Witness Testimony of Ms. Carol A. Griffiths, Accrediting Agency Evaluation Unit, Office of Postsecondary Education, Chief, U.S. Department of Education
Good afternoon Chairwoman Herseth-Sandlin, Ranking Member Boozman, and members of the Subcommittee. I appreciate the opportunity to appear before you today to share with you the Department of Education’s activities related to the accreditation of postsecondary education institutions and programs. My testimony will describe the U.S. Secretary of Education’s accrediting agency recognition process -- providing you with a snapshot of the type and breadth of accrediting agencies currently recognized by the Secretary and the components of the recognition process, as well as -- highlighting some of the criteria for recognition and the role of the Secretary’s Advisory Committee in the recognition process.
The Department of Education relies on accreditation by recognized accrediting agencies and State approval agencies as a primary factor in establishing the eligibility of institutions to participate in federal student financial aid programs authorized by Title IV of the Higher Education Act of 1965 (HEA). Other Federal departments also rely on the Secretary’s recognition of accrediting agencies as an eligibility factor for participation in various programs they administer. In the context of the recognition process, State approval agencies are units within State Departments of Education that have responsibility for the oversight of postsecondary vocational education.
Since 1952, the Secretary of Education has published a list of recognized accrediting agencies that the Secretary determines are reliable authorities of the quality of education and training provided by the institutions and programs they accredit. The initial authority for this was in the Servicemen’s Readjustment Act; the recognition authority is now part of the HEA, which establishes the requirements for recognition of accrediting and state agencies.
Currently the Secretary recognizes 62 institutional and programmatic accrediting agencies. There are 4 types of institutional accrediting agencies, though the distinctions between them are diminishing.
National institutional accreditors-- as the name suggests -- accredit schools throughout the United States. Historically, they’ve accredited private for-profit institutions offering predominantly non-degree, vocational technical education programs. However, their recognized accrediting activities have expanded to include accreditation at all educational levels, including doctoral degrees and the accreditation of private non-profit institutions. Their emphasis remains, however, on the accreditation of institutions providing professional, technical, and occupational education programs.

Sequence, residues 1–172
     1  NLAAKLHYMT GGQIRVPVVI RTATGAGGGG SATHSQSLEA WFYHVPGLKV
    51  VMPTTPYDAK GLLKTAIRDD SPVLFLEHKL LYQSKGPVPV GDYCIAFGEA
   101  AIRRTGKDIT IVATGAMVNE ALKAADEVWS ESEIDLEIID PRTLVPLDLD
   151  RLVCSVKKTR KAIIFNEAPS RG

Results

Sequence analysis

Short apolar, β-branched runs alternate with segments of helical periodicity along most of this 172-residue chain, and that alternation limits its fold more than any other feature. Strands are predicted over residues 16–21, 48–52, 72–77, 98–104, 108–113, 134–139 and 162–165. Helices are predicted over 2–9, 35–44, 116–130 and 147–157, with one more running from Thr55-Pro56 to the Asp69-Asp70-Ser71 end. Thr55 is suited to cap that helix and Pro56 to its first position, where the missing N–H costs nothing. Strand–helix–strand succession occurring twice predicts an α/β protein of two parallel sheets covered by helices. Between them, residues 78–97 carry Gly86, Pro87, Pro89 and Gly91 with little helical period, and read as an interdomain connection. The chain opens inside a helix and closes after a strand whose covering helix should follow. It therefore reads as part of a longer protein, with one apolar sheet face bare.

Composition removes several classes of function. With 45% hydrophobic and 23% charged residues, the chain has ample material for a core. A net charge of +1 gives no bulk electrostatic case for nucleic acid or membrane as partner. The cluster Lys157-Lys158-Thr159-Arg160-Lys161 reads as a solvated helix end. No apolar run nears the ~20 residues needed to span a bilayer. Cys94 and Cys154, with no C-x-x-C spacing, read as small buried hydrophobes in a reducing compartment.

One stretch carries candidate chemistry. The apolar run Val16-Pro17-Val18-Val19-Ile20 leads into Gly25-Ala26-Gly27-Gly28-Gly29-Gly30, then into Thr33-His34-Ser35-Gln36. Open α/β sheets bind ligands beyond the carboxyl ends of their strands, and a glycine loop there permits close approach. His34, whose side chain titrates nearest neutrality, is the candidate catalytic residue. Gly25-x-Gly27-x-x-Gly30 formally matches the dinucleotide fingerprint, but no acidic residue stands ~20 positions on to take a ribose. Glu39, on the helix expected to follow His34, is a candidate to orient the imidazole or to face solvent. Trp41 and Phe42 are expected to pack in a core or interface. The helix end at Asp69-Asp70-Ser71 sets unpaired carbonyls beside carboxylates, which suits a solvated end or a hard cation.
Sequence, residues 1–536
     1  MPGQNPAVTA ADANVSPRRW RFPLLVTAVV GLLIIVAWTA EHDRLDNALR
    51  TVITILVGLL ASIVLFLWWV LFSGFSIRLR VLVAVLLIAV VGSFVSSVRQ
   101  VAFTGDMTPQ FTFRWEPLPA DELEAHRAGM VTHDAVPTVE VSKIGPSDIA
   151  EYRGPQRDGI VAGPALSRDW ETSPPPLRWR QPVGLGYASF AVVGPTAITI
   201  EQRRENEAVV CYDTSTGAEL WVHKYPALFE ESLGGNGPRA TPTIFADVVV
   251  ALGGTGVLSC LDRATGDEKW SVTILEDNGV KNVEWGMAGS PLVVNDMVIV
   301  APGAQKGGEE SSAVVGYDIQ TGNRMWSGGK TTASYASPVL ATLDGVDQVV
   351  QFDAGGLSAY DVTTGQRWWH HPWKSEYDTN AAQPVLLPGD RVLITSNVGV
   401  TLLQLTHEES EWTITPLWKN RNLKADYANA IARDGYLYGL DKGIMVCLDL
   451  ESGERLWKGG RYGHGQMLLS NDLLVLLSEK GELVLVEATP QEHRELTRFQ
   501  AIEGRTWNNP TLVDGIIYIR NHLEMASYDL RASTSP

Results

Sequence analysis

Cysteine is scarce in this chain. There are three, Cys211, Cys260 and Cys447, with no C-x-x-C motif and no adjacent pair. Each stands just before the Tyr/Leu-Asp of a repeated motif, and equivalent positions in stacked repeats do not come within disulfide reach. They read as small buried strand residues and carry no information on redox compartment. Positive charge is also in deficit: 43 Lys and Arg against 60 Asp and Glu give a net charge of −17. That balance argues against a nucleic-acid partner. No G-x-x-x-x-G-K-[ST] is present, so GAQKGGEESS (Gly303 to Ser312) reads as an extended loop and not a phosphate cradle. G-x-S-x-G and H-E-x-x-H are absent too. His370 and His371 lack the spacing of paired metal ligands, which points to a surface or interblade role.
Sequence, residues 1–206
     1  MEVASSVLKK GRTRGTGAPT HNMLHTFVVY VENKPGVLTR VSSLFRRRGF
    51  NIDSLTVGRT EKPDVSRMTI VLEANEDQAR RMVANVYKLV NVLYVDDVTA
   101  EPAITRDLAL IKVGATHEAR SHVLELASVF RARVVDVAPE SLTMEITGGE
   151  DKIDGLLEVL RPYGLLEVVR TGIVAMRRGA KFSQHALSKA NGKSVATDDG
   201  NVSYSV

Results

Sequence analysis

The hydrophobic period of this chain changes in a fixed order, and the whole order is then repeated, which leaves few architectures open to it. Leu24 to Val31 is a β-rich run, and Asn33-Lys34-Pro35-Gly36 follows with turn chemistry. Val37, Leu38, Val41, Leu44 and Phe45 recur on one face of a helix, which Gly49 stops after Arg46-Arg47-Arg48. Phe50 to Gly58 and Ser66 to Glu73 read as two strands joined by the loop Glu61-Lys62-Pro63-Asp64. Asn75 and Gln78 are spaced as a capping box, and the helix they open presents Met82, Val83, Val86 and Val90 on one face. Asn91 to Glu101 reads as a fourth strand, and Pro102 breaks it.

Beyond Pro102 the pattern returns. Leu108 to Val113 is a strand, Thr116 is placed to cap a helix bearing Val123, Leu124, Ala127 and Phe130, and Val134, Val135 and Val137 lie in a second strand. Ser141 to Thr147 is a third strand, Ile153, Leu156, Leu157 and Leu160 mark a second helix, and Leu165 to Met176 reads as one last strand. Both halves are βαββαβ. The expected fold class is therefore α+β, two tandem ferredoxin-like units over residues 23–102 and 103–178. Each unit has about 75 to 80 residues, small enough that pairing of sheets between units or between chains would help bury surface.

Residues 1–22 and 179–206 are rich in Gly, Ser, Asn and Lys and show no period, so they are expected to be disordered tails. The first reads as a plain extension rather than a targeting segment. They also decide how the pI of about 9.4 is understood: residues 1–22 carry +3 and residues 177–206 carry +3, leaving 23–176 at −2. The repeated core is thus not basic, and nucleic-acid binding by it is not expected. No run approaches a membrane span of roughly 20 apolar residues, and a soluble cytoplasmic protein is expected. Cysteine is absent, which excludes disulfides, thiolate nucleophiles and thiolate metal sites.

Regional institutional accreditors, as the label implies, accredit in a specific geographic region of the US. There are 6 regional accrediting associations – New England, Middle States, North Central, Northwest, Western, and Southern. Historically, the regional accrediting associations accredited public and private-nonprofit degree-granting institutions of higher education. Again, as for-profit education has expanded into the degree-granting realm, regional accreditors have expanded their accreditation activities to include accreditation of for-profit institutions. Also, as public and private degree-granting institutions have expanded their offerings to include non-degree programs, regional accreditors have augmented accrediting activities to include these non-degree programs.
The New York State Board of Regents is the sole accrediting body in a third category of institutional accreditor. The Board of Regents is, by federal statute, eligible to seek recognition for its accreditation of a limited universe of degree-granting institutions (24 institutions) in New York seeking to participate in HEA programs.
The fourth type of institutional accreditor is the specialized, programmatic accreditor that accredits single-programs and single-purpose institutions, so that those schools may be eligible to participate in the federal student financial aid programs. These include accreditors of free-standing schools of osteopathic or podiatric medicine, free-standing schools of music, dance, or theater, or schools of mortuary science. These specialized accreditors accredit a specific type of educational program and are usually closely associated with, or part of, an association of individuals employed in that profession.